Third, with the three main candidates representing the three major regions at Independence – one from the East, another from the West and another from the Northern region – 2023 marks a return to the original fault-lines that were present at the creation of Nigeria or a return of tri-podal politics in Nigeria. This on its own could be challenging for the country and one question to be answered in this election could be whether the country has the imagination and resilience to find pathways beyond these traditional fissures.
Fourth, 2023 appears to be the first time in which polling is a significant factor in the narrative of the campaigns. One of the most recent polls appeared willing to wager on conclusions despite a cumulative 53% of respondents who were either undecided or refused to disclose their voting intentions. Another one chose its polling sample from a demographic 2,384 owners of smartphones in a country in which only about 44% reportedly own such a device. Yet another concluded, despite high rates of undecided and unwilling respondents, that a presidential run-off is likely. Despite valiant efforts by wannabe pollsters, what seems clear is that the methodology of both sampling and extrapolations by most of the polls have been characterized by a rather uneven quality and, in many cases it seems also, by a confirmation bias.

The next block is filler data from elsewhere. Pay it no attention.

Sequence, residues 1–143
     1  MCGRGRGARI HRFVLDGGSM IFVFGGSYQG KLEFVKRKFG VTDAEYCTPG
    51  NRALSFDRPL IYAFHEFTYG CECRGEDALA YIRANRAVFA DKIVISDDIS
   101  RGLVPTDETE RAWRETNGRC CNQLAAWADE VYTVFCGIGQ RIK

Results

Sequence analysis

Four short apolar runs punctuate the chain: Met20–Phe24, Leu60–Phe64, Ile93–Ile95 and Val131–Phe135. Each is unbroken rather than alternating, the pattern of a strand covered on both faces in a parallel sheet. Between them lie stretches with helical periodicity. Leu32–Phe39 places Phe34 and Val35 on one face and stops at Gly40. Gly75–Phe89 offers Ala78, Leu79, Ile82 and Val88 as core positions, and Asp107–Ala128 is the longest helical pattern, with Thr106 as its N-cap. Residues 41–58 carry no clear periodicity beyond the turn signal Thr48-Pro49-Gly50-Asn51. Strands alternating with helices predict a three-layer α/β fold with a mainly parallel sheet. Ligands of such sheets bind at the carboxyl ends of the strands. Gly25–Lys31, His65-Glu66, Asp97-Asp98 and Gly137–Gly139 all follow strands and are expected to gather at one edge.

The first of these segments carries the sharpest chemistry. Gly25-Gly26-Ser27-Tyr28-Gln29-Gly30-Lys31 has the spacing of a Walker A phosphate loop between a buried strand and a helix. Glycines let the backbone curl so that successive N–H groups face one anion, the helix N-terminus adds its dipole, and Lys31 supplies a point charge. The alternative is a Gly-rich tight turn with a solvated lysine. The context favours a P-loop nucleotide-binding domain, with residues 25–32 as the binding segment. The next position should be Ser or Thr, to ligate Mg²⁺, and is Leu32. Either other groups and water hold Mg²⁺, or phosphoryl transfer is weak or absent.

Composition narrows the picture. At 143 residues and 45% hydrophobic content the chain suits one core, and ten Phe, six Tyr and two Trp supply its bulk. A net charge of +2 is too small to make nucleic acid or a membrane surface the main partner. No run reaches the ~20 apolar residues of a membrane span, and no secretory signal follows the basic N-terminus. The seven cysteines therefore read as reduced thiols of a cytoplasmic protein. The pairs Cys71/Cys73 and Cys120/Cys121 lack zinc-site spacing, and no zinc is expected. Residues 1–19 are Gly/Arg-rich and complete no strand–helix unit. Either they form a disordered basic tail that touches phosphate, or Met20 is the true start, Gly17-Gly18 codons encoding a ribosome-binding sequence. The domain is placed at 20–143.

Fifth, in these elections, the INEC proposes to deploy theBi-Modal Voter Accreditation System, B-VAS, as its solution to Nigeria’s history of data-free voting. The B-VAS device accredits voters, counts them, and can digitally transmit the results from a polling unit to the INEC central collation. The result transmission capability of B-VAS is, however,substantially dependent on the existence of broadband infrastructure, which cannot be guaranteed in nearly half of the landmass of Nigeria. Where there is broadband hunger, then it requires safe and secure transportation to a location that offers broadband. With underlying insecurity, the promise of the B-VAS as the cure-all solution to election malpractice in Nigeria may be more bluster than believable.
These factors may shape the underlying landscape of balloting and outcomes but they by no means exhaust the factors that make the forthcoming vote so unique in Nigeria’s history. Not to be forgotten is the reality of widespread violence all over the country which has blighted campaigning in many places and is likely to make voting, counting, and collation quite hazardous in many parts of the country. President Buhari is already a huge factor in the ballot with his insistence that the Central Bank’s currency reform should carry forward through the election season. The voting will take place in an atmosphere of hardship and restiveness. The last man standing after all have fallen prey to the starvation of cash could well be declared winner.
A lawyer and a teacher, Odinkalu can be reached at firstname.lastname@example.org